From Arab spring to Syrian winter as Russia-China veto blocks aid to millions

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By John J. Metzler

There’s a special kind of Hell which befalls refugees and displaced persons during a harsh winter.  And now as that season approaches, Syria stands at the brink after a decade of conflict and calamity and with no genuine end in sight.

Regional cease fires and optimism over intermittent negotiations are but milestones on a lengthy road to a long sought political solution in Damascus.

The so-called Arab Spring uprisings throughout the region in 2011 tragically turned into the Arab Winter.

Refugee camp in Idlib, Syria. / Video image

There are many reasons; fragmented opposition to the Assad dictatorship, the entrenched strength of  Bashar Assad’s regime, and the clear and conscious meddling of foreign powers such as Russia, the Islamic Republic of Iran, and Turkey to a degree.

Above all, the United Nations Security Council, which in its somber responsibility for international peace and security, has delivered neither. A deeply divided Security Council has assured a near stalemate on the decade old Syrian conflict.The United States, Britain and France on the one side face off with China and Russia on the other.

As recently as this past July, both Russia and China restricted Syrian humanitarian aid corridors with a rare double veto.  The Moscow/Beijing double whammy assured an already bad situation would get worse. And it has.

Yet again the Security Council has heard the plaintive humanitarian appeal; during a briefing by the Under-Secretary General for Humanitarian Affairs, Ramesh Rajasingham, delegates were informed that “Some 6.7 million people in Syria are internally displaced.  Our assessments show that a third of them lack proper shelter.  Winter weather is proving to be incredibly hard for those without adequate shelter, not to mention the very basics like fuel for heating, blankets, warm clothes and shoes.”

He stressed, “Today an estimated 9.3 million people in Syria are food insecure, that’s 1.4 million more people than a year ago and more than at any other time during the crisis.  About 1 million of them are severely food insecure, twice as many as last year,  and we expect this  number to increase.”

United Kingdom Ambassador James Roscoe warned, “the humanitarian situation across the country remains dire and is worsening, as we’ve heard today. 3.1 million people require additional support to get through a harsh winter and inclement weather is already having an impact.”  He added, “To address all of these acute needs, it is essential that the UN and other Humanitarian actors are given humanitarian access.”  Earlier this year Russia reduced the number of cross border access points into Syria thus bottle-necking assistance.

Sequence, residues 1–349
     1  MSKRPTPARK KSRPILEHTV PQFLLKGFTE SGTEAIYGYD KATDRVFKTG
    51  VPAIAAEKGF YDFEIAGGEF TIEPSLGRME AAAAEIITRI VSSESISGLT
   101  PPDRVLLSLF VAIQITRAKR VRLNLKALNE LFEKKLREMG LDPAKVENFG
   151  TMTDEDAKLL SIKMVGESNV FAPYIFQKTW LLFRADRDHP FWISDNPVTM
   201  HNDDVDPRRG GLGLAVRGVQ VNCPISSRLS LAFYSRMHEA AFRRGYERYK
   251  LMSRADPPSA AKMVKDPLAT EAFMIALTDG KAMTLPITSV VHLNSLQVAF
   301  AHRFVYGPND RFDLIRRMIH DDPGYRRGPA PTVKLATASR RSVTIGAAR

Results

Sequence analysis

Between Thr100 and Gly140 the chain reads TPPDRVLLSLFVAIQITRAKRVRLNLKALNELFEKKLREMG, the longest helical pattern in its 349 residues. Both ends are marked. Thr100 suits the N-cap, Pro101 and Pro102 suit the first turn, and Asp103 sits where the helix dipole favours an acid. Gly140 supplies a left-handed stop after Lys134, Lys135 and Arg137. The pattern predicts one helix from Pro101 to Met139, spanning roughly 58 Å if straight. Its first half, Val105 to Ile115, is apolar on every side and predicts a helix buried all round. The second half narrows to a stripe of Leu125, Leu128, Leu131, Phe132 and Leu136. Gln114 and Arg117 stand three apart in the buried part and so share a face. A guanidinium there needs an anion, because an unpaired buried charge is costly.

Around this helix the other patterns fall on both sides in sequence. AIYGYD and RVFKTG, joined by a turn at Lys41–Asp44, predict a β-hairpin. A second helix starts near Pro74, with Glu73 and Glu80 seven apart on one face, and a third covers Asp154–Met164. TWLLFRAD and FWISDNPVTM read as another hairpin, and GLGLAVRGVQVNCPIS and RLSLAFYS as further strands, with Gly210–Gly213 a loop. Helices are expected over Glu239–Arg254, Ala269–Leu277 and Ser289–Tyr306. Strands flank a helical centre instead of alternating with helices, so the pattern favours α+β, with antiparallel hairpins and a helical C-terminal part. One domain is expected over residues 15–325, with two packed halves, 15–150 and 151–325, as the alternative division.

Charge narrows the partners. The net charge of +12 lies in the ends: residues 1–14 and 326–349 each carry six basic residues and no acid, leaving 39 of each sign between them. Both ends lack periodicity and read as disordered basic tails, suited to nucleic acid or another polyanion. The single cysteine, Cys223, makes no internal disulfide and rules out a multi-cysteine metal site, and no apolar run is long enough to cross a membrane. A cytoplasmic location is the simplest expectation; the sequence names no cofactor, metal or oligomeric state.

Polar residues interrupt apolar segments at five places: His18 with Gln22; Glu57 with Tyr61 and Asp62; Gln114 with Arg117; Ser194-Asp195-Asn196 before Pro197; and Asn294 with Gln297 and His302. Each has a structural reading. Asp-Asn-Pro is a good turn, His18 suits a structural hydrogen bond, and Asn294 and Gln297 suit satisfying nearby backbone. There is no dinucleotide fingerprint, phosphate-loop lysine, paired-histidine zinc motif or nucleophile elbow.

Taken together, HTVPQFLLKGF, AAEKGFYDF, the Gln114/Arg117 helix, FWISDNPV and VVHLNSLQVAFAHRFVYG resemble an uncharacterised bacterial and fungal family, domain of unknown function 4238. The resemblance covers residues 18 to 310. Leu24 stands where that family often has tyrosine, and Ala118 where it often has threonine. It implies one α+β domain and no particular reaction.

Since the 1960’s the former Soviets transformed the Assad family dictatorship into a classic Russian client state.  Moscow still supports Assad and has helped the regime reestablish control over much of Syria.  Islamic Iran has a religious connection; the Assad’s belong to the Alawite sect of Islam which is close to the Iran’s Shiite group.

Significantly many of the anti-regime forces are Islamic fundamentalist fighters whose violent jihadi tactics offer a grim alternative to a beleaguered population. More than 500,000 people have been killed thus far.

The Deputy delegate of St. Vincent and the Grenadines Halimah DeShong stated the case succinctly, “A complex and inextricably linked relationship exists between Syria’s humanitarian and political situations. Lack of progress on the political track gives rise to further deterioration of the already dire humanitarian situation.”

Indeed constitutional talks among various Syrian parties will shortly resume in Geneva. Most diplomats rule out a military solution to the simmering conflict, a long sought after political  formula remains highly elusive.

A U.S. statement stressed, “Lasting peace will only come when the Assad regime and its backers, including Russia, China, and Iran, accept a UN-brokered political settlement to the   conflict in line with Resolution 2254.” The resolution outlines a road map for a peace process and a Syrian led political solution including a safe return of refugees.

A recent State Department statement outlined American aid to Syria; “The United States remains the single largest humanitarian donor to the Syria crisis.  Over the last year, the United States provided nearly $1.6 billion in humanitarian assistance.” Washington’s total aid for the Syrian crisis stands at more than $12 billion.

This is clearly not the time nor place to send U.S. troops to help with any political transition. Rather enforcing ceasefires, focusing on an orderly return of refugees, and establishing a UN peacekeeping force may be the best solution at this late stage.

Yet until there’s some agreement in the Security Council the powers will remain at loggerheads and many in Syria will suffer this winter.

John J. Metzler is a United Nations correspondent covering diplomatic and defense issues. He is the author of Divided Dynamism the Diplomacy of Separated Nations: Germany, Korea, China (2014). [See pre-2011 Archives]